This has been a week, hasn't it? Particularly for anyone who's interested in the future of abortion rights in this country -- which, given how polarizing the issue is, encompasses virtually everybody. (Back when Kevin's Watch had a political forum, the quickest way to get a bazillion comments on a discussion thread was to post something, anything, about abortion.)

We can all be forgiven if we have abortion-rights whiplash. First, a Trump-appointed federal judge in Texas ruled -- in an order jam-packed with antiabortion rhetoric where sober jurisprudence should have been -- that the federal Food and Drug Administration erred big-time 23 years ago when it approved mifepristone for medically-induced abortions. The same guy also cited the Comstock Act (which hasn't been enforced since the 1930s) in his ruling, saying pills for medical abortions should not be allowed to be sent through the mail. Taken together, those two points would appear to outlaw medical abortions in the United States altogether.  But within the hour, an Obama-appointed federal judge in the state of Washington ordered that the federal government keep the pills available in the 17 states whose attorney generals had filed suit in his court.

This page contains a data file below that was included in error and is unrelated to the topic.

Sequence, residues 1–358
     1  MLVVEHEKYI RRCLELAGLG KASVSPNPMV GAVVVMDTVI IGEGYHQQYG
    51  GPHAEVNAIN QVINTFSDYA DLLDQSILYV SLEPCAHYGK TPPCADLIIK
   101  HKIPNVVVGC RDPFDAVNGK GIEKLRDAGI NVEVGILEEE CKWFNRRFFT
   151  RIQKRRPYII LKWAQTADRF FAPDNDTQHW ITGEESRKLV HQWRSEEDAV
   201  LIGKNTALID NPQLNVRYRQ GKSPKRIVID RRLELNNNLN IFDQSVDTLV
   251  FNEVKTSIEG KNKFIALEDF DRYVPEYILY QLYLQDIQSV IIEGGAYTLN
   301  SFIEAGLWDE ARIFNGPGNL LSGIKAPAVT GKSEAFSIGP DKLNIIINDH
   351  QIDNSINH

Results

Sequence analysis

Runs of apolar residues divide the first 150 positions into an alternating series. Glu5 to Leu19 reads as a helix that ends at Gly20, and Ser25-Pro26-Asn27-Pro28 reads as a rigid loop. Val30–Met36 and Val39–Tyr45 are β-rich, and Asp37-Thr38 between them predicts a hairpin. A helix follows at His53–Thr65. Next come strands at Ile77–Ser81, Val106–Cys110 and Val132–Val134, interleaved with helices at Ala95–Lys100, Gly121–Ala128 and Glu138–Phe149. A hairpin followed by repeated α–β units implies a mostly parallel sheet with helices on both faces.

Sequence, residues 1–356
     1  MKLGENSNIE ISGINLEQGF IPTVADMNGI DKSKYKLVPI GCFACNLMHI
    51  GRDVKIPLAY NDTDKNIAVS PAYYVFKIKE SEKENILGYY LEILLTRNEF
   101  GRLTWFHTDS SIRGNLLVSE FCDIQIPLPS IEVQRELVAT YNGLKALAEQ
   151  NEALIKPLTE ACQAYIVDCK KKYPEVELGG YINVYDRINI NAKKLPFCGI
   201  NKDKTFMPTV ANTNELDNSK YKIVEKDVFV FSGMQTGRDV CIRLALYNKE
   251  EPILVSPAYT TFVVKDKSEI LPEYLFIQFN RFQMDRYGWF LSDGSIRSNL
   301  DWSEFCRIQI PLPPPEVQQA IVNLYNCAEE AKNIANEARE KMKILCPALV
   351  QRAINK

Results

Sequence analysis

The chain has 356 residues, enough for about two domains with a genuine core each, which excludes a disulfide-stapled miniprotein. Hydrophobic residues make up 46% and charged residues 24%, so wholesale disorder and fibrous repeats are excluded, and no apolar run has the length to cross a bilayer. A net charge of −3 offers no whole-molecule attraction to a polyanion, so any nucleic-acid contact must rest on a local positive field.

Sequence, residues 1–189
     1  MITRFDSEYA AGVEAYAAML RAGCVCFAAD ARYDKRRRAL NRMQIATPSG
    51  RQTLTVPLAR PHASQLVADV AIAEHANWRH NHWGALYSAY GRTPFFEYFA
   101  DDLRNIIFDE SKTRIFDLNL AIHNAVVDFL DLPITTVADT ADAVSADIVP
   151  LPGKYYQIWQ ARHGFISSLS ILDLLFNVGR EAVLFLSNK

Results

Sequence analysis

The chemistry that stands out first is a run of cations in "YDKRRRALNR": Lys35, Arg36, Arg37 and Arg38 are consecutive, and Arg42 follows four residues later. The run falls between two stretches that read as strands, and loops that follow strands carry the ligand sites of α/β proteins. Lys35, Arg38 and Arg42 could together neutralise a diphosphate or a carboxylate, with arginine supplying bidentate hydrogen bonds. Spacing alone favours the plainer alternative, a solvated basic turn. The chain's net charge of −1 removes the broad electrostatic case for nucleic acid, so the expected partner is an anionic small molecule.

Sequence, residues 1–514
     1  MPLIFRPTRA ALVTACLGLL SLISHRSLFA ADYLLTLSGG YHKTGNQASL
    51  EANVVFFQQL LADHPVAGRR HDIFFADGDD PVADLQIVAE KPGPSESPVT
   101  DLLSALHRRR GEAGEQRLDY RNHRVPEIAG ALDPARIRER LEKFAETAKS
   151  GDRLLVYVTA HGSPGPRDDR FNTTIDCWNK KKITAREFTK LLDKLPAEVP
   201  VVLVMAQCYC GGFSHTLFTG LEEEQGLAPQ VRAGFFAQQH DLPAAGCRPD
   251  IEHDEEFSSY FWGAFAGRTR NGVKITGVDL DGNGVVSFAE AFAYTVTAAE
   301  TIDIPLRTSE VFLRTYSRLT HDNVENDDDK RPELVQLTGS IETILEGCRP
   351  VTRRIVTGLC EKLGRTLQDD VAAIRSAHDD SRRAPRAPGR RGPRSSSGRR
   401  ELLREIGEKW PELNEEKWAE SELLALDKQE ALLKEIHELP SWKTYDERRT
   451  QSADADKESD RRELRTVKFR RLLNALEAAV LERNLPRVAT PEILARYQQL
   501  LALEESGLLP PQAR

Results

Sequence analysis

The Texas judge paused his ruling for a week to allow the Department of Justice to file a brief explaining why he's wrong. The DoJ is on it. And given the dueling rulings, it looks like the issue is going to be on a fast track to the Supreme Court. Given the current court, you might think that makes the Texas order a slam-dunk. But the high court in Dobbs v. Jackson Women's Health Organization -- handed down not even a year ago -- deliberately left abortion access to the individual states to decide; this guy in Texas has pre-empted that. Will the Supremes be willing to second-guess themselves so soon? I hope not. The patchwork of state laws that have resulted from Dobbs is bad enough.